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Suppose I have vector $\vec x \in \mathbb R^n$ and matrix $\mathbf M$ of dimension $m\times n$. Is there an alternative expression for $\lVert \mathbf M \cdot \vec x \lVert$ that includes $\lVert \vec x \lVert$?

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I don't understand what you are asking. –  copper.hat Mar 12 at 23:32
    
Is there an alternative way to express $\lVert\mathbf M\cdot\vec x\lVert$ that somehow includes the value $\lVert\vec x\lVert$? Analogous to how $\lVert k\cdot\vec v\lVert=k\cdot\lVert\vec v\lVert$ for any scalar $k$ and vector $\vec v$. –  Disousa Mar 12 at 23:36
    
What do you mean by "includes"? –  SDevalapurkar Mar 12 at 23:36
    
I mean the value $\lVert\vec x\lVert$ is included on the expression. For example, if the expression were $\lVert\mathbf M\cdot\vec x\lVert=\lVert\mathbf M\lVert\cdot\lVert\vec x\lVert$ (which is not true, but gives an idea for the kind of expression I'm looking for). –  Disousa Mar 12 at 23:39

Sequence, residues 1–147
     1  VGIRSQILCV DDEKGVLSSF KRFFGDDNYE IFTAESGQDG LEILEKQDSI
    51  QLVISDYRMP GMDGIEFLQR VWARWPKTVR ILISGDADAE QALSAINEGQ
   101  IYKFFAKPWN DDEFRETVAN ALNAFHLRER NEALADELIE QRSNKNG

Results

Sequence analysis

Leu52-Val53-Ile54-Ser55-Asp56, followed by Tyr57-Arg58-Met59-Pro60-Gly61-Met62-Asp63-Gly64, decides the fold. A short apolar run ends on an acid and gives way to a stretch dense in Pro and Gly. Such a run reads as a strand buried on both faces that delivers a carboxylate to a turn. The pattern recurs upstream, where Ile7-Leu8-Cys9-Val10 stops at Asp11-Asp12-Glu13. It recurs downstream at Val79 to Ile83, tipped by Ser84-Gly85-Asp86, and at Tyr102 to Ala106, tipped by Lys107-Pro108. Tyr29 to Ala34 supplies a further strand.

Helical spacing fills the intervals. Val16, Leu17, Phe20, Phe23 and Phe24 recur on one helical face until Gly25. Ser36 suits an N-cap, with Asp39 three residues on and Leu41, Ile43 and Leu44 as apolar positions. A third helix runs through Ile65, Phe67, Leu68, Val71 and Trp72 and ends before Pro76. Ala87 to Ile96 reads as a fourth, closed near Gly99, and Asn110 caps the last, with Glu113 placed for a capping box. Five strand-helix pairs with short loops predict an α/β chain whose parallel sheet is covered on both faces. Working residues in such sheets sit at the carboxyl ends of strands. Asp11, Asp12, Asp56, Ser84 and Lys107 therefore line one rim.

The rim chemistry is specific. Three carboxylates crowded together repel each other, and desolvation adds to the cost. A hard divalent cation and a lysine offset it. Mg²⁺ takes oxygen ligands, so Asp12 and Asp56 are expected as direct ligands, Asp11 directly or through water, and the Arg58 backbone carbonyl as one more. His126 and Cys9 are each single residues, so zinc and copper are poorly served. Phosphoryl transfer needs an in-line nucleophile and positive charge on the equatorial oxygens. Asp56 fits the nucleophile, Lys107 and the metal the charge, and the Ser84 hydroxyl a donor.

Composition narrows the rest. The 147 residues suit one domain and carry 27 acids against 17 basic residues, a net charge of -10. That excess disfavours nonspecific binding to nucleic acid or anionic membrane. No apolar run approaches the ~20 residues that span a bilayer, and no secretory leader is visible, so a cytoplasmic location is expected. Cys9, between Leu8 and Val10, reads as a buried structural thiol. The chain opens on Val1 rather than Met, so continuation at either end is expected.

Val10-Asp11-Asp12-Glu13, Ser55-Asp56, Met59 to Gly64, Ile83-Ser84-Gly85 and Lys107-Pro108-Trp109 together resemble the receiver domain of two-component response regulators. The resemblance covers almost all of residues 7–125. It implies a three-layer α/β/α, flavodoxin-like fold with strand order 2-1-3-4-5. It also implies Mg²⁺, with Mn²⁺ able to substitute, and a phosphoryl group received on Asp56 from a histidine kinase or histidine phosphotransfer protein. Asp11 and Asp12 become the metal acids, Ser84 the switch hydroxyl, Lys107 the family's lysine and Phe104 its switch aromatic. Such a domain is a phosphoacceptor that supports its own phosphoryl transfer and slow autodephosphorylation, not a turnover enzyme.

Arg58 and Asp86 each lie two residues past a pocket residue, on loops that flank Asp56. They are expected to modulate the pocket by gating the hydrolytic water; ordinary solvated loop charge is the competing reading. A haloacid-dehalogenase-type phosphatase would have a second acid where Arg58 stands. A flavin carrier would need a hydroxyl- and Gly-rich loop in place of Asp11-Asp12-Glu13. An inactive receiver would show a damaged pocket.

Well, yes, there is, but probably this isn't what you look for:) $$\|Mx\|=\|Mx\|+\|x\|-\|x\|\,.$$ –  Berci Mar 12 at 23:39

1 Answer 1

up vote 3 down vote accepted
  1. There's no equality that looks like this, no. I'll give a reason below.

  2. There's an inequality: $$ \| M \cdot x \| \le \|M \| ~ \| x \|. $$ But when you see the definition of $\|M\|$, it's pretty disappointing: $$ \|M \| = \max_{\|x\| = 1} \| M\cdot x \|. $$

What about the first part? Well, look at $$M = \begin{bmatrix}1 & 0 \\ 0 & 0 \end{bmatrix}$$.

The result of multiplying this by $[1, 0]^t$ has length 1; the result of multiplying it by $[0, 1]^t$ has length zero. And each of these vectors has length one. So you're looking for something that can multiply 1 to get 0 in one case, and can multiply 1 to get 1 in the other. There ain't no such thing. Two dimensions are more complicated than one, and matrix multiplication is more complicated than scalar multiplication.

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